Paper No. 8
Presentation Time: 10:45 AM


CUMMING, Vivien M., Department of Earth Sciences, Durham University, Durham, DH1 3LE, United Kingdom, SELBY, David, Department of Earth Sciences, University of Durham, Science Labs, Durham, DH1 3LE, United Kingdom, POULTON, Simon W., School of Earth and Environment, University of Leeds, Leeds, LS2 9JT, United Kingdom and BEKKER, Andrey, Dept. of Geological Sciences, Univ. of Manitoba, Winnipeg, MB R3T 2N2, Canada,

The Huronian Supergroup of Ontario, Canada is one of the best-preserved sedimentary successions that span the Paleoproterozoic glaciations and the Great Oxidation Event (GOE) and was deposited between 2.45 and 2.32 Ga. This broad window of time encompasses at least three global glaciations and associated interglacial periods. Deducing the cause(s) and timing of these major changes in Earth’s atmosphere-ocean system, as documented in the Huronian Supergroup, is crucial for understanding the GOE and associated glaciations, as well as for global correlation of Paleoproterozoic sedimentary successions.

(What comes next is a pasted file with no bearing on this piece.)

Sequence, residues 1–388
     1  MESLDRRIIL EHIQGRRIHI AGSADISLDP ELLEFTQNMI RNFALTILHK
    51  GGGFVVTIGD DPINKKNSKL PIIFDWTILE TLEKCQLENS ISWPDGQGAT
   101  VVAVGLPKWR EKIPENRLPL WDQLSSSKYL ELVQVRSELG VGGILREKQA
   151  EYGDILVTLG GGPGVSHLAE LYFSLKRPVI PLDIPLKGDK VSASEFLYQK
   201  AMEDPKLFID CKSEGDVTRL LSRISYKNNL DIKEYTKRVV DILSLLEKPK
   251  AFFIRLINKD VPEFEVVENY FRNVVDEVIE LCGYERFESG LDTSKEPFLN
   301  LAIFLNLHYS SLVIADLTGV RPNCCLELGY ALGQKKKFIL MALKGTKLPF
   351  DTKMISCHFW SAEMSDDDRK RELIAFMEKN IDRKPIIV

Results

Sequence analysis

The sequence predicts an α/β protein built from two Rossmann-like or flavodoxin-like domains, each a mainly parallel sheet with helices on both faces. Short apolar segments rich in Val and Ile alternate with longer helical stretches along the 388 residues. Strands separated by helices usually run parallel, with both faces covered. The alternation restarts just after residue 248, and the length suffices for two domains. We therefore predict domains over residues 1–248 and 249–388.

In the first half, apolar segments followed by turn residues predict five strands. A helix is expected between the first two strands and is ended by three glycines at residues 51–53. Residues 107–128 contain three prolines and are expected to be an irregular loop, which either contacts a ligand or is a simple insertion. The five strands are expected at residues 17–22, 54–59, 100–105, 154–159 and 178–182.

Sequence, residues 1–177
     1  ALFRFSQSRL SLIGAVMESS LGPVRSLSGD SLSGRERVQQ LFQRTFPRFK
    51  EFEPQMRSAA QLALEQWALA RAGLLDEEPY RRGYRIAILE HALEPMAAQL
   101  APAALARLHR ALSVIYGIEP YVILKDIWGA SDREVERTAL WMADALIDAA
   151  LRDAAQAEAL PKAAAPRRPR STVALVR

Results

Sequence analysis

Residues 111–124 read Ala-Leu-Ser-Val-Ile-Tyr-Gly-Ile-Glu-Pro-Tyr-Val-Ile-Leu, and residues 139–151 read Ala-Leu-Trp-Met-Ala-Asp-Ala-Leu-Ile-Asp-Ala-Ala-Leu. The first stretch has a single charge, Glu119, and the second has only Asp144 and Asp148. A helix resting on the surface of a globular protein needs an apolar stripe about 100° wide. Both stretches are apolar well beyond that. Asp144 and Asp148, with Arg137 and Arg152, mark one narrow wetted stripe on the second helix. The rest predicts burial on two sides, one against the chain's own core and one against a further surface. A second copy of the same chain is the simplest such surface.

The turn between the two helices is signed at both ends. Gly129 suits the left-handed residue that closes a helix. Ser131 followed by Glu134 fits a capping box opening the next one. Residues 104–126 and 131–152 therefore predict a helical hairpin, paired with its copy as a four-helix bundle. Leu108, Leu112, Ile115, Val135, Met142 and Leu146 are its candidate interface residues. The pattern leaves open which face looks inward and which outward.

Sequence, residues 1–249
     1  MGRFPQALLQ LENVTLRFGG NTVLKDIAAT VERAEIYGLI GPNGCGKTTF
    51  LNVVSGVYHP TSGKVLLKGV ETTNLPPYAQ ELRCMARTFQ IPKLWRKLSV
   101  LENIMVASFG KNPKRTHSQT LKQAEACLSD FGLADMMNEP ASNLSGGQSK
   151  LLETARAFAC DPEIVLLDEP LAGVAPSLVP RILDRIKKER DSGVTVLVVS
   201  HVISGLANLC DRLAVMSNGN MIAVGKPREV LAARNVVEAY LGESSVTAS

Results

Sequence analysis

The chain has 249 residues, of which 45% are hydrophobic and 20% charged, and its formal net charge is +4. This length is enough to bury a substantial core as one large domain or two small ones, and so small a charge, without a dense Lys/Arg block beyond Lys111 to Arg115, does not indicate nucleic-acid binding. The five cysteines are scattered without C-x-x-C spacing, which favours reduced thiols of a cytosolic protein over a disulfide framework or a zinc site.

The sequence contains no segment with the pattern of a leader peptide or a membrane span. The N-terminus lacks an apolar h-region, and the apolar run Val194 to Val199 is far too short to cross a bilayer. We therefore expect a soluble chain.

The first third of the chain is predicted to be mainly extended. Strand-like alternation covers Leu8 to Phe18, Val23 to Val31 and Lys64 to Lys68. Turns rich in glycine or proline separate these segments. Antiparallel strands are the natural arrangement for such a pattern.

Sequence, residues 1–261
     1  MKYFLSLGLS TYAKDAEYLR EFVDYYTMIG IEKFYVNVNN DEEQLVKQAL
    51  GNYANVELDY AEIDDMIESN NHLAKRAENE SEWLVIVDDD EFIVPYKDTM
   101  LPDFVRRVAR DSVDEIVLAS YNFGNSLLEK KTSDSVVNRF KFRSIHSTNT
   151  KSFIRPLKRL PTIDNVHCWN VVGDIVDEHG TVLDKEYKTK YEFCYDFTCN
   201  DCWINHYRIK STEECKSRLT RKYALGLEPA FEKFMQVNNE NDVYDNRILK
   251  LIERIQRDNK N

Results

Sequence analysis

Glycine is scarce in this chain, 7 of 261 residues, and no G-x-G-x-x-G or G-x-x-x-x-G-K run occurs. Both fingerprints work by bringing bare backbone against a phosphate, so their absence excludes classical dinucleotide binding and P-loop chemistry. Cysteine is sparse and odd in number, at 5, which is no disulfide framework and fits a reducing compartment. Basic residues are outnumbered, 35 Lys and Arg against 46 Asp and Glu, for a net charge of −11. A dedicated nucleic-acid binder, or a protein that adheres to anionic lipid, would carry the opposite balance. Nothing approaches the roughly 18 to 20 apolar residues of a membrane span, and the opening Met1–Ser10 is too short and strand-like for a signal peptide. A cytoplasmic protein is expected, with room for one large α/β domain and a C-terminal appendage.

The oldest Huronian glaciation is recorded by the Ramsey Lake Formation. We studied Os isotope systematics to constrain the link between this glacial event and changes in the redox state of the atmosphere-ocean system at this time. We found an increase from unradiogenic 187Os/188Os values (~0.1) in the underlying McKim Formation to more radiogenic values (~0.7) in the post-glacial Pecors Formation. In addition we find a two-fold enrichment in both Re and Os abundances in the Pecors Formation. The pre-glacial unradiogenic, mantle-like 187Os/188Os values require either overwhelmingly large juvenile hydrothermal sources of Os or levels of atmospheric oxygen that are too low to oxidize crustal sulfides and induce sufficient riverine flux of radiogenic Os from continental weathering. In contrast, during the post-glacial period, oxidative dissolution of glacial flour generated during the oldest Huronian glaciation could have caused a major influx of radiogenic Os from the continents. Our results suggest oxidizing surface conditions in the immediate aftermath of the oldest Huronian glaciation and provide additional support for the link between changes in the redox state of the atmosphere-ocean system and climate at the beginning of the GOE.